David Bilderback

Tears flowed from Cole Bilderback’s loved ones after his father, David Bilderback, was sentenced to 15 years in prison for the shooting death of his son.

On Thursday, Calaveras County Superior Court Judge Timothy Healy sentenced Bilderback, 50, to 11 years in prison for voluntary manslaughter and an additional four years for the use of a firearm in the crime.

Bilderback pleaded guilty on July 7 to those charges, with a possible sentence ranging from six to 16 years for the killing that occurred on Sept. 28, 2017, at Bilderback’s Avery automotive repair shop, Dave’s Pit Stop.

During the sentencing hearing, Cole’s mother, Tyana Ladouceur, argued for justice in the killing of her 19-year-old son, whom she described as a naive, soft-spoken young man who stayed with Bilderback because “he thought his dad would change.”

Ladouceur painted her ex-partner as an “unpredictable” alcoholic with a history of shooting unarmed civilians while serving in the military. She claimed the 2017 killing happened after Cole called his father “a drunk” and Bilderback shot him in a rage.

A letter from Cole’s brother, Canyon, was also read by Ladouceur, alleging emotional and physical abuse from Bilderback towards both his sons and a persona assumed with Dave’s Pit Stop customers that was not an accurate representation of the man.

“My brother saw our father for what he was: a wolf in sheep’s clothing, and he loathed him for it,” Canyon’s letter stated.

Bilderback spoke before the court, apologizing for the first time to family members for the death of Cole and providing his own account of what happened that night in 2017.

The defendant stated he went to bed with a migraine and awoke to a noise outside, which he went to investigate with a loaded 12-gauge shotgun. He asked Cole, who was playing video games, to “back him up,” which led to bickering, as Cole did not want to go. Bildlerback claimed that Cole pushed him, and his own hand tightened on the trigger, causing him to accidentally shoot his son in the chest. He stated that he sat with Cole, holding his hand and his head, and told him he loved him “again and again, until he was gone.”

“I hope I can repair all the damage this has caused everyone,” Bilderback addressed the courtroom. “Our future depends on it.”

In closing, Bilderback’s attorney Richard Esquivel argued that his client’s .15 blood alcohol concentration nine hours after the incident was evidence that he had not begun drinking until after the shooting occurred, opposing the prosecution’s claim that his BAC must have been much higher at the time of the incident.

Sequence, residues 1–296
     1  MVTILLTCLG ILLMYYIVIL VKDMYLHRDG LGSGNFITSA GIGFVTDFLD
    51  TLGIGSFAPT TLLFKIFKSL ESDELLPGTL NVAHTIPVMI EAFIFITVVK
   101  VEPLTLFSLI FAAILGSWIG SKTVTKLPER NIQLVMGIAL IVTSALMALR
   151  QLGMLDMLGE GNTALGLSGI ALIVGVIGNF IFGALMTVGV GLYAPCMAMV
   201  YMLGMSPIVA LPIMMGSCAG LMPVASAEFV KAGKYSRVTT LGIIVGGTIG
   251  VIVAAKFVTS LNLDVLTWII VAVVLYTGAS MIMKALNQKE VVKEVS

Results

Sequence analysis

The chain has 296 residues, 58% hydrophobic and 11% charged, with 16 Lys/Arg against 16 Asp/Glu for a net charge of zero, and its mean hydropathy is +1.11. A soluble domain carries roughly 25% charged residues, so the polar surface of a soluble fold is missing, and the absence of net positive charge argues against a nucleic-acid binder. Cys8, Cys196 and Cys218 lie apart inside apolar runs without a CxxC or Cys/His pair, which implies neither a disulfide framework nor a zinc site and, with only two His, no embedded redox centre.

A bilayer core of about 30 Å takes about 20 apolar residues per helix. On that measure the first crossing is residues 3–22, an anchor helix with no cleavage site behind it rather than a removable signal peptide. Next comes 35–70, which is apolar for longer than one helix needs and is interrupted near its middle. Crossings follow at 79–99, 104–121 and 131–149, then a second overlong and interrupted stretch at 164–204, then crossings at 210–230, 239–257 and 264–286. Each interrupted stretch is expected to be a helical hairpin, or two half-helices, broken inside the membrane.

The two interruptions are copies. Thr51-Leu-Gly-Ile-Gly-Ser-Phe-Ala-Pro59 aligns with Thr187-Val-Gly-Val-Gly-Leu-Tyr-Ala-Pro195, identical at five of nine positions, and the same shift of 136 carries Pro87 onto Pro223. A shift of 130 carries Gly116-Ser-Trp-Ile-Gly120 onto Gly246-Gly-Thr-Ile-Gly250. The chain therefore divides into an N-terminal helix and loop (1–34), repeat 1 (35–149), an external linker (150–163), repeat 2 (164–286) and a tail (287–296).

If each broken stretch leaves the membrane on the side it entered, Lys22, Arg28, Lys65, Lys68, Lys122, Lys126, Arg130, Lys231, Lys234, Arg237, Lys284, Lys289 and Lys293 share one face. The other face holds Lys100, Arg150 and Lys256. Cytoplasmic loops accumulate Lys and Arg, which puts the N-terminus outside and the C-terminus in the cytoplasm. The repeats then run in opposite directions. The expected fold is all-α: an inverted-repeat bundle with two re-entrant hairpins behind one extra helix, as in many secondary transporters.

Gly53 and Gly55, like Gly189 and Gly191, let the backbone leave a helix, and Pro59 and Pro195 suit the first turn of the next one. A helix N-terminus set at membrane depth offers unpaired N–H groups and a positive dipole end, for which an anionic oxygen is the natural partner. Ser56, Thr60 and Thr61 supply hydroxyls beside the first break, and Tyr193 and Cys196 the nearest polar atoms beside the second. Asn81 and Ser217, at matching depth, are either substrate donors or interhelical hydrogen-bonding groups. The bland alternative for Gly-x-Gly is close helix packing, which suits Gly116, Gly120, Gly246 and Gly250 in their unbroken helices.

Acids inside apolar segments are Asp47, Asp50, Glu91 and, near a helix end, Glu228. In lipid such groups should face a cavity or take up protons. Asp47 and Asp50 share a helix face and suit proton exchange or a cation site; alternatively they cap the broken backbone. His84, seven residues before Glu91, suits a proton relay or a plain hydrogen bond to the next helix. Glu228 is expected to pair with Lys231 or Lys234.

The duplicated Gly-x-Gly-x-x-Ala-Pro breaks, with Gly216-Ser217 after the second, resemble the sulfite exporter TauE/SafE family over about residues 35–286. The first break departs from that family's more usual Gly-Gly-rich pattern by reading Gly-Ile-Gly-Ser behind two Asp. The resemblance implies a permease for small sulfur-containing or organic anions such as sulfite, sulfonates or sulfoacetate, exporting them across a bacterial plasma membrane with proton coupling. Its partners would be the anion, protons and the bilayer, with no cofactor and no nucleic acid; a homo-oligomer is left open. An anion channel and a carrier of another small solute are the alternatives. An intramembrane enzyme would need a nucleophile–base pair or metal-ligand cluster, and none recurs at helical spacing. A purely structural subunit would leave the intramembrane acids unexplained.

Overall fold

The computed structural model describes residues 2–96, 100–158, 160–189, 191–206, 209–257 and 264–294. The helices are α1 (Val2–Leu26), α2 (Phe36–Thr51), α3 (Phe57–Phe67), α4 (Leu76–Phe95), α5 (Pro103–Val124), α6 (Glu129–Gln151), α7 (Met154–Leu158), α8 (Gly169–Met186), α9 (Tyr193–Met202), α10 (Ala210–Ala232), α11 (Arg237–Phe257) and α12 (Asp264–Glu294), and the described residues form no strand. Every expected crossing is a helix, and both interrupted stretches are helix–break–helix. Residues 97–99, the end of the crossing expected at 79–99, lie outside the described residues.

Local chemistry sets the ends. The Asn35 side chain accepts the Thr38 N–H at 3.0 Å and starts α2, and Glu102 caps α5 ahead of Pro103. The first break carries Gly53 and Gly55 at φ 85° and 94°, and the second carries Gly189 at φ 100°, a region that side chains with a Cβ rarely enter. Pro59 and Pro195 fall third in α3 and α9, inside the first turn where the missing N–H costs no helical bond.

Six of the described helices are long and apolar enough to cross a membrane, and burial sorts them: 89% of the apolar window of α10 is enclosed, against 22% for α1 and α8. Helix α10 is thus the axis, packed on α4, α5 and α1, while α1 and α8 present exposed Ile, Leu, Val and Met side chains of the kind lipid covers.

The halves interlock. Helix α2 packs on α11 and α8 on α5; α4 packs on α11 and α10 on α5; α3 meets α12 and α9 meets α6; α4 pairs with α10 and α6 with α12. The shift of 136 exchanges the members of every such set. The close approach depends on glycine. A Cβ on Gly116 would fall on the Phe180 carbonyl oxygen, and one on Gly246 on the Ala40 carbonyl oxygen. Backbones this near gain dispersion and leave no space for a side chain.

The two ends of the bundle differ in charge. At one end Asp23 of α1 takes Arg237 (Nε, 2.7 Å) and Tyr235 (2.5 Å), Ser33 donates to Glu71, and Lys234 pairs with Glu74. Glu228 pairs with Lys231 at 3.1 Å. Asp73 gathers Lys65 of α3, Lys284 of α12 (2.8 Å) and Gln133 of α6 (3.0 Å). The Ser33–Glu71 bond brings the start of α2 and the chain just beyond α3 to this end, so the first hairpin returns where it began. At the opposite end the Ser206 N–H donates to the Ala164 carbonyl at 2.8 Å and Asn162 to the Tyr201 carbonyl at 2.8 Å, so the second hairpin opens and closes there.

Flanked by Calaveras County Sheriff’s Office Detective Zachary Glanville, who assisted in the case, Calaveras County Deputy District Attorney Brad Jones said, “The defendant acted with malice when he chose to drink heavily and then start an argument with his son while he was carrying a loaded shotgun, with the safety off, with a round in the chamber, and with his finger on the trigger.”

In issuing his sentence, Healy stated that a lack of alcohol use before the crime would only make the defendant’s actions less forgivable. He rebuked Bilderback’s claim that the shooting was an accident, reminding the defendant that he had pleaded guilty to manslaughter.

He theorized that Bilderback was preparing to flee the scene when his truck was found loaded with firearms and ammunition.

“You didn’t call 911. I know your mom didn’t call 911. You called her first,” Healy said. “You go back and take pictures? Seriously? I don’t get that. I don’t get that at all.”

The judge stated that he was personally familiar with the model of firearm used in the crime and denied any possibility that the gun could have gone off accidentally. Healy also noted a lack of empathy shown by Bilderback during his past three years in the courtroom.

“I don’t think the word ‘callous’ goes far enough,” Healy said.

With credit for time served, Bilderback will spend approximately 10 years in state prison for the shooting death of his son.

“There is just a profound feeling of senseless loss. The defendant’s lifelong struggles with alcohol, and his failures to control his addiction, killed his son,” Jones said after the sentencing.

District Attorney Barbara Yook issued a statement reading, “We are grateful for Judge Healy’s ruling and the enormous level of compassion and respect he demonstrated in court to all those who were there on Cole’s behalf.”


Dakota graduated from Bret Harte in 2013 and went to Davidson College, NC where she earned a bachelor's degree in Arab studies. After spending time studying in the Middle East and Europe, she is happy to be home, writing about the community she loves.

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